One of the pleasures of a pie is the uses of the leftover crust. I make pinwheels or, if I have a generous amount of dough to deal with, turnovers. I make my pinwheels with ease, rerolling the little mound of dough, knowing it will not be tough from too much handling because I have been generous with my shortening. On the irregular piece of pastry I slather butter, which I sprinkle generously with sugar and cinnamon. I roll it like a jelly roll and cut it into 3/4″ pieces. Although the pinwheels go into the oven after the pie, they will come out first, and oh, the joy we will have eating the crisp, sweet, aromatic treats that have been a tradition in my family for at least four generations. For turnovers, I cut the rerolled pastry into irregular shapes, drop a dollop of jam onto each, fold them over onto themselves, seal the raw edges with my fork, prick their tops two or three times, and pop them into the oven. The uncooked turnovers are heavy. They come out of the oven light and crisp, their browned crust drizzled with the seeping sticky syrup of the hot jam. They are for immediate eating, as are the pinwheels, serving to appease the hankering of children and spouse who have been drawn to the kitchen by the teasing aroma of the cooking pie.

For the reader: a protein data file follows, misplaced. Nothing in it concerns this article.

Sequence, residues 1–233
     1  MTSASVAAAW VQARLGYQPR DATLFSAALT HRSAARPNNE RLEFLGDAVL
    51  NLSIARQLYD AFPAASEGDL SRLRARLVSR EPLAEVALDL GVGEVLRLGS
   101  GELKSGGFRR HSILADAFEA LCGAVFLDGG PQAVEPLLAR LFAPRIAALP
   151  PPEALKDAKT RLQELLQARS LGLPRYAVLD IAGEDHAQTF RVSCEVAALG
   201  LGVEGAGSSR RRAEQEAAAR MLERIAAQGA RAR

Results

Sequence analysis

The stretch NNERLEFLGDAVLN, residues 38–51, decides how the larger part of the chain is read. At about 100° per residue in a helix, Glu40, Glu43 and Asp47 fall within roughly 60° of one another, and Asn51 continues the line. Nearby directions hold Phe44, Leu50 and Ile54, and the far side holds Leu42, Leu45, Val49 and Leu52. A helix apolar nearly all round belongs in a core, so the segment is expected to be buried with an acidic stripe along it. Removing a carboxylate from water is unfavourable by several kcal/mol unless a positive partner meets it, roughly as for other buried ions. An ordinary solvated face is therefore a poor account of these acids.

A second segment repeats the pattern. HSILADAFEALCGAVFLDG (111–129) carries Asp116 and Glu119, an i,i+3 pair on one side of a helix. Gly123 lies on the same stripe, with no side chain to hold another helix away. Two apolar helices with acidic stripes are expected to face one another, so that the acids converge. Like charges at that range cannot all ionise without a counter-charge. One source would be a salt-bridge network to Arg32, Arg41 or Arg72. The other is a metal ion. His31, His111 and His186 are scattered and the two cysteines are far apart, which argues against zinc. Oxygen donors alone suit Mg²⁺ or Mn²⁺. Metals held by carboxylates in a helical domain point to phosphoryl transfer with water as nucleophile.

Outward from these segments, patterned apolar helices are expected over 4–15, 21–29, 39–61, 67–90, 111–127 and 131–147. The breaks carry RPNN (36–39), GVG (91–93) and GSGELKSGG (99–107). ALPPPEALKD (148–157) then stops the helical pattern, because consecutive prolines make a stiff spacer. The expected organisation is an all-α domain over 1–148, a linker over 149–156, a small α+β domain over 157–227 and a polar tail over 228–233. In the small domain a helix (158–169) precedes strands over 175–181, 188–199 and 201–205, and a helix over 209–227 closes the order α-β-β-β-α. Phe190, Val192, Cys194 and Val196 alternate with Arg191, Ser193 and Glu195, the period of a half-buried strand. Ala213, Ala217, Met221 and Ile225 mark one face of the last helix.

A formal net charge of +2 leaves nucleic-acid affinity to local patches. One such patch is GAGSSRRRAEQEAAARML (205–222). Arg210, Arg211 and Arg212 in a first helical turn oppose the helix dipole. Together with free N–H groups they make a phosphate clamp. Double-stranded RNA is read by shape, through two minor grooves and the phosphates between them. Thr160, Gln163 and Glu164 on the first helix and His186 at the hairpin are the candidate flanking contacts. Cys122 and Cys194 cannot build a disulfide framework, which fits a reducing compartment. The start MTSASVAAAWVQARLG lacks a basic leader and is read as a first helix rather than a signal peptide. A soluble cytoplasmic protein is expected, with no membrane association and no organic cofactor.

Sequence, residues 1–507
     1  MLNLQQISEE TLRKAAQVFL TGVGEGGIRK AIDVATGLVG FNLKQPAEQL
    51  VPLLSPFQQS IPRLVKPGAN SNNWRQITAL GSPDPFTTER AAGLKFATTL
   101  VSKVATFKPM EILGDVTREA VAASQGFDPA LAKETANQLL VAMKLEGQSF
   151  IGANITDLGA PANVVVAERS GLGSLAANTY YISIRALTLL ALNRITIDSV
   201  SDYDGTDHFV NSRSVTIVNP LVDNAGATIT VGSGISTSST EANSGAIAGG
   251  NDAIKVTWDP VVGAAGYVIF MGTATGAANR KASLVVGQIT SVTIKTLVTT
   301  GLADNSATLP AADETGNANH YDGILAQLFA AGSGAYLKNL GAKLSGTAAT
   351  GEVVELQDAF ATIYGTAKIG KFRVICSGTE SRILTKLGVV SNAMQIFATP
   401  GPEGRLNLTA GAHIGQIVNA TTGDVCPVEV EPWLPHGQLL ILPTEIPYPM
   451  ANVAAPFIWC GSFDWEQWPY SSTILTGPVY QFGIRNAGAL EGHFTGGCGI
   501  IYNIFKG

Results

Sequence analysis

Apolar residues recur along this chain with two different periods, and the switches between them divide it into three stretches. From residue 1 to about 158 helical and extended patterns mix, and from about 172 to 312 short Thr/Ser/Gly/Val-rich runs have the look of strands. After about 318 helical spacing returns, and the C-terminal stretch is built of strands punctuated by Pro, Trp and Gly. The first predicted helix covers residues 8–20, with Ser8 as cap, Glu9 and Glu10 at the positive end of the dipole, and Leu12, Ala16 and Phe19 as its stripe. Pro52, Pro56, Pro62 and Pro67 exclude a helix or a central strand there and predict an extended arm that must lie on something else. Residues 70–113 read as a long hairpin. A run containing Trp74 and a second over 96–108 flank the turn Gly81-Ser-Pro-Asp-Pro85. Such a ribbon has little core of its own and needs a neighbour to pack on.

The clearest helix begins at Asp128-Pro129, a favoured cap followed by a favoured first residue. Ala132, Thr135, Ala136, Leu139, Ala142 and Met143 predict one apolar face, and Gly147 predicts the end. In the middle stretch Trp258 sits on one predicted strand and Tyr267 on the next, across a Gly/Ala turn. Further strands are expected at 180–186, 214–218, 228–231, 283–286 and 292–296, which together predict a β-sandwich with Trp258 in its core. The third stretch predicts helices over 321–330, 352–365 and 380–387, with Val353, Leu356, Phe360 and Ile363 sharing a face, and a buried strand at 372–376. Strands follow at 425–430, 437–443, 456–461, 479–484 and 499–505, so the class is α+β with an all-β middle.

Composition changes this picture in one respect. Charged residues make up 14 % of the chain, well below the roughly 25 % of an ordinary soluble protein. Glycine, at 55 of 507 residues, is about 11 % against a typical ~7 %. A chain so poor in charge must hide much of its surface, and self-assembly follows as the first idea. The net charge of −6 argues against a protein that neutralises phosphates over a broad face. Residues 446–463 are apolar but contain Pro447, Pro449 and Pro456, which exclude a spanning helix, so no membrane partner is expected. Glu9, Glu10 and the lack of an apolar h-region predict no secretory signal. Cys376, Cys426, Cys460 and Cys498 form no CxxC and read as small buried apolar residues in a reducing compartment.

One of the wonders of the lowly pie is that the choice of fillings seems limitless. For the most part my pie making follows a seasonal pattern. In February I make cherry pie. I make pineapple pie in late winter, using pineapple canned in its own unsweetened juice, and the look and taste of the golden filling seems to bring sun to cold, overcast days. I make rhubarb pie in the spring when the stalks of that old-fashioned “pie plant” are new. Only summer brings the possibility of a blackberry pie. The best apple pies are made in midsummer when the first green apples appear in the market, or in the autumn with newly picked Cortlands from a nearby orchard. And a mincemeat pie, made with Aunt Dotty’s homemade mincemeat rich with venison, apples, raisins, and brandy, is only for Christmas dinner. There are one-crust pies that I consider seasonal, such as pumpkin (or squash). But all one-crust pies — custard, chocolate cream, coconut cream, lemon meringue — are superior when served in a pastry shell rather than in one of the sweet crumb crusts. A pie can make a meal, too. There is Ham and Egg or Cheese and Onion Pie. Or pies made with leftover turkey or chicken or pot roast. But my best beef pie is not made with leftovers. For my Meat and Potato Pie I cook cubes of lean beef in water with chopped onions and a bay leaf all day in a slow oven. When the meat is fork-tender I thicken the gravy and add cubed, cooked potatoes. Although Meat and Potato Pie, which came to our family by way of our English grandmother, was probably intended to be a two-crust pie, it has long been traditional for Butler family cooks to bake its crust in flat sheets. This “pie” comes to our table as a bowl of meat and potato cubes in rich gravy, accompanied by a napkin-lined basket heaped with squares of flaky crust. We crumble the crust over the serving of meat and potatoes on our plate or eat the squares as we would crisp crackers. I invariably make it when the snow lies around the door and the thermometer is plunging — what discomfort can a winter night hold when there is Meat and Potato Pie for supper?